They are likely to be secondary to disorders especially if they are unilateral or asymmetrical.
RA (usually valgus).
Osteoarthritis (usually varus).
Slight degrees are usually tolerated, but if the deformity is marked or associated with instability it can be corrected by:
Supracondylar femoral for valgus.
Proximal tibial for varus.
Valgus & Varus In Adults
Progressive bow-leg deformity associated with abnormal growth of the posteromedial part of proximal tibia.
Children are often overweight and start walking early.
Blount’s disease (tibia vara)
Bilateral Genu Valgum (knock knees):
Measuring the distance between the medial malleoli when the knees are held touching & the patellae facing forward.
Usually less than 8 cm.
Bilateral Genu Varum (bow-legs):
Measuring the distance between the knees with the legs straight & the medial malleoli just touching.
Normally less than 6 cm.
Very common in children & correct spontaneously by the age of 10-12 years, if it didn’t resolve operative correction should be advised.
Bone dysplasia & rickets are likely to need operative correction.
Bow-legs (genu varum).
Knock-knees (genu valgum).
By the end of growth the knees are normally 5-7 degrees of valgus.
More or less than that usually doesn’t bother anyone unless it’s unilateral, of recent onset or progressive.
Best seen in upright position.
Varum & Valgum
The diagnosis is confirmed by X-ray that shows characteristic features such as abnormal flattening or sloping of the medial half of the epiphysis.
Spontaneous resolution is rare and operative correction is usually needed.
Varum & Valgum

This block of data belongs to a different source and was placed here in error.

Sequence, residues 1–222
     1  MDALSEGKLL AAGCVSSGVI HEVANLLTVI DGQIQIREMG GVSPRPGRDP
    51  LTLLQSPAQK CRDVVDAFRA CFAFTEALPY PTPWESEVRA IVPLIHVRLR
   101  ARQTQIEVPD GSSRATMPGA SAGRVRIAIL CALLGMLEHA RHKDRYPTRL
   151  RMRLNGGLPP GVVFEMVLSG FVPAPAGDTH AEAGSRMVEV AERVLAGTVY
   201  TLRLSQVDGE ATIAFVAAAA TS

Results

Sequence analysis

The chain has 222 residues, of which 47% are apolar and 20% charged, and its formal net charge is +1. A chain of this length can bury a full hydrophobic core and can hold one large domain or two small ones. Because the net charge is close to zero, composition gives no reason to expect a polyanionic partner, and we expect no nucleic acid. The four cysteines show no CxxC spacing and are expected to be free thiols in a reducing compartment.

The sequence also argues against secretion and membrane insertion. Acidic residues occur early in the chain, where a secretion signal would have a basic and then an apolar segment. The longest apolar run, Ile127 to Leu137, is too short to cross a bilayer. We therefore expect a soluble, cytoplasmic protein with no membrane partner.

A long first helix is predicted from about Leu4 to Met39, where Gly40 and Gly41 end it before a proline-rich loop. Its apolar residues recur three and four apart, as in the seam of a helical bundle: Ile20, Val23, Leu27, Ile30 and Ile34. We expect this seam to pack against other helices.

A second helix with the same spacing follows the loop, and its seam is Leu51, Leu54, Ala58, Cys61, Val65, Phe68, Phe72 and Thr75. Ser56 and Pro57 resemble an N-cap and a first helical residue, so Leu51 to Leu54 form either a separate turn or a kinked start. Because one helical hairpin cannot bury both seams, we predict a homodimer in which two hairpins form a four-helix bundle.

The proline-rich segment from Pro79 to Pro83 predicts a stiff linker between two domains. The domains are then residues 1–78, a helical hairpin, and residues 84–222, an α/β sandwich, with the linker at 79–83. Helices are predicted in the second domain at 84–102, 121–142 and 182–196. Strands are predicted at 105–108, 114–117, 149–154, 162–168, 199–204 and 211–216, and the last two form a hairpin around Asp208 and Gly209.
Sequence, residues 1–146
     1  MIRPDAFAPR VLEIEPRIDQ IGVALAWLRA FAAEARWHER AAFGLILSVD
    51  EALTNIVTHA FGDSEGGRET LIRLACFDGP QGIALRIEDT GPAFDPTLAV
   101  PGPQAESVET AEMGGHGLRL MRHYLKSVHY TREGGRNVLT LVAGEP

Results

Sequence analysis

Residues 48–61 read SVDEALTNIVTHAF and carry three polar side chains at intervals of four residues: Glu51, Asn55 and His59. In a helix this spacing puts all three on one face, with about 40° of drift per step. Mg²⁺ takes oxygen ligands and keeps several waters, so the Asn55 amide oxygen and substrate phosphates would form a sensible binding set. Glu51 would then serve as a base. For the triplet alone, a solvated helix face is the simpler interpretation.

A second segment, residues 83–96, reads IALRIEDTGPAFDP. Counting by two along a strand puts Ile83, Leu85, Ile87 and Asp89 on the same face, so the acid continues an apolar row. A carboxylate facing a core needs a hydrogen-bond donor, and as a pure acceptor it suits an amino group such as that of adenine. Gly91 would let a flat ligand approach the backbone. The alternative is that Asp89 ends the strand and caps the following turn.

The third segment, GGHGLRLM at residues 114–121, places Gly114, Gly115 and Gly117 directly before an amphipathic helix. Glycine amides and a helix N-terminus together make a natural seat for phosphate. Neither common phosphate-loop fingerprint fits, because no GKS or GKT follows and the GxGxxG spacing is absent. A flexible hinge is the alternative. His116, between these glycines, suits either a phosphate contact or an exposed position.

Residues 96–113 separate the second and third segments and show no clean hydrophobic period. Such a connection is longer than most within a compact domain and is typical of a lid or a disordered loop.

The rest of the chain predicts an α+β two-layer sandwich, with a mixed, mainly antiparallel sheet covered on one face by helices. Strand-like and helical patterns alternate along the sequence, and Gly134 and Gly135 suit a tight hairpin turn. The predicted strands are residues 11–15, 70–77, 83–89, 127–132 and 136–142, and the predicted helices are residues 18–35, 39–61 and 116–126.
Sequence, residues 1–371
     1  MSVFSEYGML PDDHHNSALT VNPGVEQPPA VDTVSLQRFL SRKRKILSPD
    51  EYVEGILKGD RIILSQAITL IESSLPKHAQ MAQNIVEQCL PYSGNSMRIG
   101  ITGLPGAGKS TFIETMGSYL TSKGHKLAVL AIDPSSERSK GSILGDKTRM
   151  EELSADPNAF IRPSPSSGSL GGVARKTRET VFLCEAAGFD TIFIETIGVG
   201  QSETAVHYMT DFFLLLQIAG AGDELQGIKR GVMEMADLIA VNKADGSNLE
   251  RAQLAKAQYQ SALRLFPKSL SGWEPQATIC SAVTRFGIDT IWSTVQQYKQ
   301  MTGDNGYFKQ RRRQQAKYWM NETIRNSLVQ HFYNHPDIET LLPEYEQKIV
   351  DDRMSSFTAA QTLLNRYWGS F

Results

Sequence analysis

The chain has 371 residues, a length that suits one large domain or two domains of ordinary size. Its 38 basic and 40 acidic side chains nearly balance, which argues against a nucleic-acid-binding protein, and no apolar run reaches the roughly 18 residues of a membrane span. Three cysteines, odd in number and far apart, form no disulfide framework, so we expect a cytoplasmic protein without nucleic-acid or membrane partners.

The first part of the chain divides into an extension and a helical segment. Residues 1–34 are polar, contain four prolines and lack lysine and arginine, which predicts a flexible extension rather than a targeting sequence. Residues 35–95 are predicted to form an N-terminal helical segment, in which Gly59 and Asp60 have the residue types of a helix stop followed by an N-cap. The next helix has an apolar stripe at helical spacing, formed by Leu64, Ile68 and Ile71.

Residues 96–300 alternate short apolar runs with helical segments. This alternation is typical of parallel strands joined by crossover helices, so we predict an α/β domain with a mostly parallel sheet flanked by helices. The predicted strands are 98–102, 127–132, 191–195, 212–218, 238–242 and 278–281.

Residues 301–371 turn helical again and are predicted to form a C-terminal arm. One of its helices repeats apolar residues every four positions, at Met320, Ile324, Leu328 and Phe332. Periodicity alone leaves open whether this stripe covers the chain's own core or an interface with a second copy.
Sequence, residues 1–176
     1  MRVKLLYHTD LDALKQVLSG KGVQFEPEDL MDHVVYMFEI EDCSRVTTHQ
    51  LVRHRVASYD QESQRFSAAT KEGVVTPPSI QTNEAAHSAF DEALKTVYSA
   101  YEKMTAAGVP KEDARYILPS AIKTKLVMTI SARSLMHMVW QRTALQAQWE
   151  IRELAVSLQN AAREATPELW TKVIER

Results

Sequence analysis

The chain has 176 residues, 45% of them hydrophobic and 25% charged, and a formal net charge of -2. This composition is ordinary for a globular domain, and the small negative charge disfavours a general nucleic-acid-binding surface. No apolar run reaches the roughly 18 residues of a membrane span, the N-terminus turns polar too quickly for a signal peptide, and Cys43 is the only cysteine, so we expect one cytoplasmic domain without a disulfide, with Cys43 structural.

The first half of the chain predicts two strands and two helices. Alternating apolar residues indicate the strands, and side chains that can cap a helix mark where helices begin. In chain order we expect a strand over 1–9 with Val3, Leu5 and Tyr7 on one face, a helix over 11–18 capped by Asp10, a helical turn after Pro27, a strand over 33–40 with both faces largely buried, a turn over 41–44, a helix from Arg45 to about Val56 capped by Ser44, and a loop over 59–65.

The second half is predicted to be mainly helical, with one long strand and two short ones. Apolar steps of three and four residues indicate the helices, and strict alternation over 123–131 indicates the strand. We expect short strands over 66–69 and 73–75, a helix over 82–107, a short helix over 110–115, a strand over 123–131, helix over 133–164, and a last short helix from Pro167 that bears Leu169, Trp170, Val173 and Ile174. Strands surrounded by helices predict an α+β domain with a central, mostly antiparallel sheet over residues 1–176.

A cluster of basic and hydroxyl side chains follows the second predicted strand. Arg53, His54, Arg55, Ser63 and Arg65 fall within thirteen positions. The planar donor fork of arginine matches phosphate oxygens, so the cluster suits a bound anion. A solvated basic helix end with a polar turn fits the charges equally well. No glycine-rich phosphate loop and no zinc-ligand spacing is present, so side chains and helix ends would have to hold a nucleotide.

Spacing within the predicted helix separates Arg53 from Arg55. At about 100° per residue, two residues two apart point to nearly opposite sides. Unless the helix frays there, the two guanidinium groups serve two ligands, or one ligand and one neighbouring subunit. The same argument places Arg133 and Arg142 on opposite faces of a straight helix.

It’s a chronic inflammatory joint disorder in which there is progressive softening & disintegration of the articular cartilage, accompanied by new growth of cartilage & bone at the joint margins (osteophyte) and capsular fibrosis.
The knee is one of the commonest sites.
when no cause is obvious.
when it follows a demonstrable abnormality.
Secondary causes include:
trauma, congenital or developmental diseases, metabolic diseases … etc
OA results from a disparity between the stress applied to articular cartilage & the ability of the cartilage to withstand that stress.
So it could be due to one or a combination of two processes:
of the articular cartilage.
Increased mechanical stress
in some parts of the articular surface.
The cardinal features are:
Progressive loss of cartilage thickness.
Subarticular cyst formation & sclerosis.
Remodelling of the bone ends and osteophyte formation.
Gender; it’s equally common among men & women aged 45-55. After the age of 55 the disease becomes more common in women.
Secondary cause. For example trauma.
Preexisting deformity (bow-leg).
The leading symptom.
Pain starts insidiously and increases slowly over time (months to years).
Aggravated by exertion and relieved by rest.
With time relief is less & less complete.
Stiffness; mainly after rest.
Swelling is common.
Giving way & locking may occur.
Deformity, muscle wasting & loss of mobility in advanced cases.
No systemic manifestations in contrast to inflammatory diseases.
There may be an obvious deformity (usually varus).
Scar of a previous surgery.
The quadriceps muscle is usually wasted.
Movement is somewhat limited.
Narrowing of joint space.
Subarticular cyst formation & subchondral sclerosis.
Soft tissue calcification.
Evidence of secondary cause.
if symptoms are not severe:
Joint mobility; by physiotherapy.
Reduce the load; by using walking sticks, weight reduction, medical shoes & avoiding stressful activities.
for persistent pain unresponsive to conservative treatment, progressive deformity and instability.
For example replacement arthroplasty.
Anatomy & Function
Increased valgus knee angulation with pivoting or deceleration
Effects of estrogen
Discrepancies in Q angle and bone length
Decreased intercondylar notch width
After the Acute phase
Operative or nonoperative